The good thing about using a scuba diving specific grease is that normally there is plenty to be found in the dive shop and boat of the dive group you are travelling or diving with. Besides being readily available, it is also hypoallergenic and will not cause any irritation to your skin.

Click here to be taken to Amazon where you can find out about all of the options for silicone grease specifically for scuba diving.

Get a mask with a softer skirt

As I mentioned above, not all masks are created the same. Not only are the aesthetic features of the mask very important for you but the material that they are made of is just as important if you want to dive with a beard.

Specifically, you need to ask and find out what the skirt of the mask is made of as it will determine how flexible that mask skirt is at colder temperatures.

As a general rule of thumb: masks using Siltex or PVC will stiffen up in cooler temperatures which will negatively affect their sealing capabilities at lower depths.

Trim down your mustache

If you have got this far in the article and you have still not found out the best way to seal your mask against your beard and moustache you may have only one option – trim down your moustache.

For most beard growers the moustache is a very defining part of their beard style. I know that I would be very reluctant to change my beard by either trimming the bulk away or shaping up the top line to fit in a mask seal.

I have a full moustache – by this I mean that the top hairs of my moustache cover the entire depth and finish at my lips. It is this type of moustache which is the hardest to seal against as there are many little channels which go the entire width of the bottom seal.

Thinning out your moustache means that it will get less thick but will hopefully not change the aesthetic of your beard too much. Using a clipper on a number two or three may be the perfect length for sealing the mask against your face whilst retaining the look of your moustache. If this doesn’t work you can opt to trim down the top centimetre of your moustache – just underneath your nose.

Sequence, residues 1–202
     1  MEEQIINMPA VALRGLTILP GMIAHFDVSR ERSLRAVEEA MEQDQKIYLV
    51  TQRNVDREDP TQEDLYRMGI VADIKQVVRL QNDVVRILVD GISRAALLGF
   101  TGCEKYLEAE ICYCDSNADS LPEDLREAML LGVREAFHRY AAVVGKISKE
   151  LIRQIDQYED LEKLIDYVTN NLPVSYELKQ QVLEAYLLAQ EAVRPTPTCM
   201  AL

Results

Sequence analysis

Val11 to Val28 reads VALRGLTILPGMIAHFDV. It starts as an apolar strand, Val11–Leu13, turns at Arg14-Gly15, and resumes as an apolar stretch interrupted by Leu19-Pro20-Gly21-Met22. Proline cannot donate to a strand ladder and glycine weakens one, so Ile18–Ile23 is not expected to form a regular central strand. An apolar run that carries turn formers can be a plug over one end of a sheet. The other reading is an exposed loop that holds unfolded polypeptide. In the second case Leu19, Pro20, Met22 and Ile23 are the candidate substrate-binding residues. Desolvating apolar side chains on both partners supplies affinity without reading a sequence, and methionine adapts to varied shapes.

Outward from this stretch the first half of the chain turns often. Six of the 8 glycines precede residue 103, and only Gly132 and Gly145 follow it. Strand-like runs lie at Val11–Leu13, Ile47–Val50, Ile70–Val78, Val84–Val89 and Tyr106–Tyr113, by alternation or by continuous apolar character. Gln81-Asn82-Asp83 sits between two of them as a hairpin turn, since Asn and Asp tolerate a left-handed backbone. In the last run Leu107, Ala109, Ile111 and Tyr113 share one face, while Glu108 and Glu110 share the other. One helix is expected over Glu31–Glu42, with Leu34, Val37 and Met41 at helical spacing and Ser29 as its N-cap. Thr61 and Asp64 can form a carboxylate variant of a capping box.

Trim down the top 1 cm

Trimming down the top 1 cm of your moustache to the skin means that the mask has the opportunity to seal completely against the skin just under your nose.

This is a good option if you dive regularly. For me, I only dive once or twice a year while I am on holiday and therefore I put up with the inconvenience of blowing out my mask more often. However, if you dive multiple times a week you may want to change your moustache style so that there is a gap between the bottom of your nose and the top of your moustache. This is one of the best ways to be able to retain some form of moustache but also enjoy scuba diving.

Ultimately, whichever way you trim or thin out your moustache needs to be balanced out by how easy you want your scuba diving experiences to be.

I can’t think of anything more frustrating than growing a full beard and having to constantly blow out and clear my mask if I chose to scuba dive multiple times per week. It all comes down to what you are willing to put up with and sometimes sacrificing your moustache for an easier scuba dive is worth it.

Shave your cheeks

For some people without a beard is not just the moustache which causes leakage. You can also get a little bit of leakage next to your side burn and high on your cheeks.

Everyone’s growth pattern is different and some people have hair very high up on their cheeks – just under their eyes – others have a significant amount of growth next to their side burn. Both of these places are where the mask needs to seal.

Luckily, these areas are easy to deal with as you can shave the hair completely away. I recommend using a single blade safety razor to completely remove the hair from the tops of your cheeks.

A single blade safety razor

I love my single blade safety razor. I used to use a load of five and multi-blade safety razors with cartridges that you can replace but since I went to my old school double edge safety razor I never looked back.

Having a single cutting line means that you’ll be able to get really defined edges on your beard and for a short beard that is particularly important on the top cheek line and the neckline under the beard.

It’s a little bit of a learning curve associated with it if you’re used to using a cartridge razor blade but learn slowly and carefully and it will be one of the best decisions you have ever made!

Choose a beard style without a mustache

There are plenty of beard styles which are perfect for scuba diving – they all have one thing in common – no moustache.

Beards without a moustache are surprisingly common and they don’t look as bad as you are thinking. If you want to know more about beards without a moustache check out my other article – click here.

I go through a range of different options for beards without a moustache including: